Just a few years ago, in 2011, there were approximately 11,261 private jets registered across the United States. Thanks to the recent 2017 Tax Cuts and Jobs Act and updated U.S. tax code, we could soon see many more high-end private jet buyers.
According to Business Insider, the new U.S. tax code now allows 100% bonus depreciation for private jet aircrafts and allows buyers to deduct 100% of the jet’s cost right away. These changes are projected to significantly boost demand for these aircrafts across the United States.
“This is a very generous depreciation offer and the market has been on the cusp of a turnaround for some time,” said Richard Aboulafia, vice president and aviation industry analyst at Teal Group. “Maybe this serves as one of the precipitating factors.”
Globally, the richest people already spend $23 billion a year on private aviation and the U.S. accounts for 49.7% of that market, with Europe in second at 20.8%. Thanks to these new tax breaks, that number could soon skyrocket.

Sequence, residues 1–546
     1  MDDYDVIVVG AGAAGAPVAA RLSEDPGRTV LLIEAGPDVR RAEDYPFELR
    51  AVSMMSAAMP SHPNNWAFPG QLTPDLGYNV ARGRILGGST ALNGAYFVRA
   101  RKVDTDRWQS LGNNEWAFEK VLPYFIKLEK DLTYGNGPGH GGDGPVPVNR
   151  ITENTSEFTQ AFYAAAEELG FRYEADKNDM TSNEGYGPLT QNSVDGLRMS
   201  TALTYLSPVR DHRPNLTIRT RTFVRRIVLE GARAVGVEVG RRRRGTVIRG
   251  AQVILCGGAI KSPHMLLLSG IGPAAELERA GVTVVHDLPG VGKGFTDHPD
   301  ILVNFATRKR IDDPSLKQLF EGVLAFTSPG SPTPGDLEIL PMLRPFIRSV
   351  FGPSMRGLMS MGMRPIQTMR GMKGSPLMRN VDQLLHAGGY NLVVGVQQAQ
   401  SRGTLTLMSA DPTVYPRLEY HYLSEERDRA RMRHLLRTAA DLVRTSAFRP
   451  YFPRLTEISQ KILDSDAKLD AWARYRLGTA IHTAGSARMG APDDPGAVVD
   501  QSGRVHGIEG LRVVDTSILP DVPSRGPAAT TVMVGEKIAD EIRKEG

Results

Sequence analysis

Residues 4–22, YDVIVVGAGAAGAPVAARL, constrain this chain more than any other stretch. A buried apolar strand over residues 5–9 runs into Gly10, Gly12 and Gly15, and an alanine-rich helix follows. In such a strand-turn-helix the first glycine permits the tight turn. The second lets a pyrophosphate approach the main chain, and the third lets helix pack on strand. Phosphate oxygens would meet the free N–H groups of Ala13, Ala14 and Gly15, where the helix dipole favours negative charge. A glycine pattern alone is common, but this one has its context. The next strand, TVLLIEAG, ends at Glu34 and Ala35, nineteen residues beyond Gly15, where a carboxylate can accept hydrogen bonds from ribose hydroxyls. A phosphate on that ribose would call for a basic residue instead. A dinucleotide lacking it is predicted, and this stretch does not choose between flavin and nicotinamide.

“Although we are still in a recovering market, this milestone tax reform, complemented by positive economic data and macroeconomic indicators, such as GDP and corporate profits, highly favor new aircraft acquisition,” added Michael Amalfitano, Executive Jets CEO of Embraer.
Additionally, the National Business Aviation Association (NBAA) states that the new 100% bonus depreciation applies both to pre-owned and newly manufactured aircrafts, though it must be the buyer’s first use of a pre-owned jet for it to legitimately qualify.
Take a look at some of the most expensive private jets currently on the market:
- The Boeing Business Jet — 18-seater priced at $34.9 million.
- The Gulf Stream G550 — 19-seater priced at $33.7 million.
- Bombardier Global Express XRS — 17-seater listed at $18.9 million.
Jets with binding sales agreements attached to them on or before the cutoff date of September 27, 2017 will be subject to a 50$ bonus depreciation.